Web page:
Can Google predict stock market performance?

Google search engine

Can Google predict the stock market?

The short answer is "No". The slightly longer and more interesting answer is "No... not yet."

At the University of Warwick Business School along with academics from Boston in America and UCL in London they're working on using data from Google to predict how the stock market will move.

This research now published in Nature grew out of earlier work from 2010 which discovered a link between the number of people Googling specific companies like Apple or Microsoft and the behaviour of the company share price.

98 words

From that the researchers wondered if you could predict the behaviour of the stock market itself using other words apart from company names.

The team looked at the behaviour of 98 words people searched for on Google and then used them to programme a simple financial strategy.

I should say that all of this was done using data from 2004 to 2011 rather than trying to predict the stock market "live". Some of the words were obviously financial like "debt", "stocks", "portfolio" and "inflation" while others were not, such as "colour", "marriage" and "garden".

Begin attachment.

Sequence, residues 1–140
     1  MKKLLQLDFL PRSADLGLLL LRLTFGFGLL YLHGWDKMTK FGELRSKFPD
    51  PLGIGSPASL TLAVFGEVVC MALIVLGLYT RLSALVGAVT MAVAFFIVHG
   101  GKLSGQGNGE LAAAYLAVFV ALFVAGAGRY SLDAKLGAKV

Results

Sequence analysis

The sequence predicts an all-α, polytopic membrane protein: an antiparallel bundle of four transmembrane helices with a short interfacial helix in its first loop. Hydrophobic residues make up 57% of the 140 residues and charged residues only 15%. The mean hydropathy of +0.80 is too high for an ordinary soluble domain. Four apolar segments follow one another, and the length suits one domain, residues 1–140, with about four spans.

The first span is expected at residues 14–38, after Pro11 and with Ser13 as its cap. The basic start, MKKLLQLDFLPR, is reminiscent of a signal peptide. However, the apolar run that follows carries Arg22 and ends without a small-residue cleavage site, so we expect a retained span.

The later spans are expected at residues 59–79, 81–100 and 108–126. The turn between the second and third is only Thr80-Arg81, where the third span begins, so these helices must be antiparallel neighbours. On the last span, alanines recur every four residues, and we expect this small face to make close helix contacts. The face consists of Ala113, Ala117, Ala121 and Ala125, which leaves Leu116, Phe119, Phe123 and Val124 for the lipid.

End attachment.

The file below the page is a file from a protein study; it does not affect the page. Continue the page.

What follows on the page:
The researchers discovered that some words were more likely to predict what the stock market would do than others. They then compared their words with language commonly used by the Financial Times and discovered the more popular the word was in the FT the more likely it was to predict the market.

In other words it's the more financial words that provide the best guide, indeed a strategy based on Google searches for the word "debt" outperformed the stock market by around 300%.

Civil unrest

Of course all of this is based on analysing data from the past, the big question is can we do this with live information and make enormous amounts of money?

Well not surprisingly that's what the researchers are looking at next. The difficult bit is discovering the key search words that are becoming more or less important and which will then be useful as predictors.

To do that will take a lot more information about what people are interested in online. Google only release a limited amount of information on what people are searching for but there are plenty of other data rich sources that might help from Twitter to Wikipedia.

Of course everyone from banks to governments are very interested in this idea. Not just to predict the stock market but things like the potential size of flu outbreaks or the chance of civil unrest and rioting.

But ironically if the team at Warwick do crack this and find a way to predict how the stock market and by extension all of us behave, if they then alert us to the fact then there is a good chance we will modify our behaviour and so the team will have to start again.

David Gregory-Kumar Article written by David Gregory-Kumar David Gregory-Kumar Science & Environment correspondent, BBC News

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